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Lacrosse player Charlie Hildestad first experienced the alarming sensation in high school. His heart would start racing periodically during a game or other strenuous exercise. While it could be frightening, the teen would muster through the episodes without much complaining.
“The first time it happened was my sophomore year and I thought I was just super nervous for a big game,” Hildestad recalled. “After that, it would flare up occasionally when I was exercising or lifting weights. I’d lay down and it would go away.”
Worsening Symptoms Hildestad continued playing lacrosse when he went away to college at Illinois Wesleyan University in Bloomington. During his freshman year, while in the midst of a challenging fitness test with his new teammates, his heart began racing as it had in the past. Only this time the young man fainted.
Hildestad was rushed to a local hospital where his resting heart rate clocked-in at a frightening 270 beats a minute. Only after vomiting and rest did his heart rate drop to a normal level.
“I called my mom and said ‘something’s not right,’” said the 19-year-old Hildestad. “At that point, I was really concerned about losing the opportunity to play my freshman year, and that maybe I wouldn’t be able to catch up if I tried to come back the next year and play.”
Tech at Your Fingertips Hildestad and his concerned parents knew something had to be done. Fortunately, a family friend referred them to NorthShore Cardiovascular Institute and Mark Metzl, MD, an interventional cardiologist who specializes in heart rhythm disorders. Dr. Metzl suspected Hildestad was experiencing arrhythmia—or irregular heart rhythm—possibly triggered by his high activity level, and it would be a bit tricky to diagnose.
“If we gave Charlie a strenuous fitness test he was probably going to vomit and pass out, which would terminate his arrhythmia before we could record it,” Dr. Metzl explained.
Tuned into the latest innovations in cardiac monitoring, Dr. Metzl came up with a creative solution to the dilemma—a wearable device. Since Hildestad already wore an Apple Watch, Dr. Metzl asked his patient to get a KardiaBand, which replaces the regular watch band. Functioning like a mobile EKG, the special wristband measures heart rates and then pairs with the watch to record the data so it can easily be shared with clinicians.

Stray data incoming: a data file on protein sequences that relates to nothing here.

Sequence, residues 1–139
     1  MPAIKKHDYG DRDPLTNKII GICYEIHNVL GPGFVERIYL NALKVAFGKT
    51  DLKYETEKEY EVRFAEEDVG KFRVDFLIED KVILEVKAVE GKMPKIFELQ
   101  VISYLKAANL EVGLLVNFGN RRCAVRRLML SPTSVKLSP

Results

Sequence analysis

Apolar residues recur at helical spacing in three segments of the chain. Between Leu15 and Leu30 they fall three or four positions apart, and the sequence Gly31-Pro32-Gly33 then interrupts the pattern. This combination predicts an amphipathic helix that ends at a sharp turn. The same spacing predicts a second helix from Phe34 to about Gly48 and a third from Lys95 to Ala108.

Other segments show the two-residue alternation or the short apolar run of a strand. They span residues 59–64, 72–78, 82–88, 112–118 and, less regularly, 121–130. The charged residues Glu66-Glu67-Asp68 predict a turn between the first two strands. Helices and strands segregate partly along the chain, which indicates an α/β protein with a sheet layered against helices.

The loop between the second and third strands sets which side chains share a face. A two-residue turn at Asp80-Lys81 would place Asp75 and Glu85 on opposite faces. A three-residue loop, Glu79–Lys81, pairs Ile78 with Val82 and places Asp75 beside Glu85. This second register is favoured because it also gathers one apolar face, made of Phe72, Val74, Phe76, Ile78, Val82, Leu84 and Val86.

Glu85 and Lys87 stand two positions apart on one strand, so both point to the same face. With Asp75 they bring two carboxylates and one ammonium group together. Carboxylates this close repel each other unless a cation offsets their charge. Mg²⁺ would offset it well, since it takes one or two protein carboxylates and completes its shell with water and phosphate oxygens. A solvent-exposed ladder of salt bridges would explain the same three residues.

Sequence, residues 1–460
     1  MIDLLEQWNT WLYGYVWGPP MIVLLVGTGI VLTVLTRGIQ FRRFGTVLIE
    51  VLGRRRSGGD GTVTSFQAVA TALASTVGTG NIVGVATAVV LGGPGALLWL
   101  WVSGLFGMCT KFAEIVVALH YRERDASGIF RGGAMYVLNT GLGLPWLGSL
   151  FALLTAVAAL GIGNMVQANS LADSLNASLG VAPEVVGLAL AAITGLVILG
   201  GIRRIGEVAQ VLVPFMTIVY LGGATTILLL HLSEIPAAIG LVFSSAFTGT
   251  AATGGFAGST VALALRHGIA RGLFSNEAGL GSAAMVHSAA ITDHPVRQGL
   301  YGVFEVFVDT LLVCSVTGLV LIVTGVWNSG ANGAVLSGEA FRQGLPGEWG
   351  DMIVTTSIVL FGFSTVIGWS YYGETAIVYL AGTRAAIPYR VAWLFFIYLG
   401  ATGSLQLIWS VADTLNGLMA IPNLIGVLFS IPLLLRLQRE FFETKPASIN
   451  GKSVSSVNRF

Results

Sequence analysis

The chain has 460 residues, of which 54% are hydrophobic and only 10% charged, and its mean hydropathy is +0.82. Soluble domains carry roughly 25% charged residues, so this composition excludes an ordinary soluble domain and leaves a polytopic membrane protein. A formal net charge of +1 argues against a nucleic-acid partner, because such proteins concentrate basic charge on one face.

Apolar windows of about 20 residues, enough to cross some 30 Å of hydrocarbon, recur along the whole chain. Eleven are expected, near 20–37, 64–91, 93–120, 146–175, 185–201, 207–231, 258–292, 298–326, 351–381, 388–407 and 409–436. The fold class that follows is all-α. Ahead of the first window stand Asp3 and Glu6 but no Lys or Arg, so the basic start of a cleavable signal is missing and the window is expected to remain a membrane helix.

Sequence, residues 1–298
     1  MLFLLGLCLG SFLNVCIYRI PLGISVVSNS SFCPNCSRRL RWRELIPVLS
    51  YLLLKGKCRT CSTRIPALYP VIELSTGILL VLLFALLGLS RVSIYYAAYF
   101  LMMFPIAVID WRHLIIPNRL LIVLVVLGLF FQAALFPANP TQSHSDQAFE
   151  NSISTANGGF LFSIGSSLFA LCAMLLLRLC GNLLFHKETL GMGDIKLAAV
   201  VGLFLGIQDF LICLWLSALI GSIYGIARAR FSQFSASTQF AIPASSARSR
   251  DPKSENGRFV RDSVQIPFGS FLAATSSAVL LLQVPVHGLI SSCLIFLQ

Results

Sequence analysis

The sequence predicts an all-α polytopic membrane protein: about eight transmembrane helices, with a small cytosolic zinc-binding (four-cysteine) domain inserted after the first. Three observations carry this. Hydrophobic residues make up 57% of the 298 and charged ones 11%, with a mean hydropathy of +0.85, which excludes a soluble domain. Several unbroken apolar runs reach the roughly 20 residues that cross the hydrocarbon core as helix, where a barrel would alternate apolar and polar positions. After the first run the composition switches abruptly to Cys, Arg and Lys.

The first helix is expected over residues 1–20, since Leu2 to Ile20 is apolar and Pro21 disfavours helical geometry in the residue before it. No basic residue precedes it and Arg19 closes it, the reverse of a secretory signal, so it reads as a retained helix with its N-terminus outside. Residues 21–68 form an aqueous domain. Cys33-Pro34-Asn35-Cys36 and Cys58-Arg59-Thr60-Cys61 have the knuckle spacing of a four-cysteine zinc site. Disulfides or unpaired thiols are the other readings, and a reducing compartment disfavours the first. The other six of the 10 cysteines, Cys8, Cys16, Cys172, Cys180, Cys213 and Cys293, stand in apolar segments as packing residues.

Results in a Heartbeat “I wore the KardiaBand during practice, and when running I could feel my heart starting to race. So I held my thumb on the device and got a reading,” said Hildestad.
While 150 miles away from Bloomington, Dr. Metzl was able to see the results electronically and diagnosed Hildestad with supraventricular tachycardia (SVT), an arrhythmia originating in the top chambers of the heart. “It’s amazing we have this wearable technology at our fingertips and I’m excited to take advantage of it,” added Dr. Metzl, who holds an academic appointment at the University of Chicago Pritzker School of Medicine.
With a definitive diagnosis, Dr. Metzl scheduled Hildestad for a minimally-invasive procedure last Thanksgiving break at NorthShore to repair the SVT. In the ablation procedure, Dr. Metzl used a catheter and laser to reach the upper chambers of the heart where he burned key spots to reset Hildestad’s heart rhythm, which boasts a more than a 90% success rate. He hasn’t had an episode of arrhythmia since, and this past spring, Hildestat was back on the lacrosse field playing for Illinois Wesleyan.
“It was so great to be back out there and not have to worry about this. We had a really exciting season, too,” said Hildestad, noting that his team won the conference title and qualified for the NCAA tournament. “I’m 100% back to where I was and I couldn’t be more grateful.”
“That’s why all of us at NorthShore do what we do,” added Dr. Metzl. “We want to see patients like Charlie fully recovered and back to doing what they love.”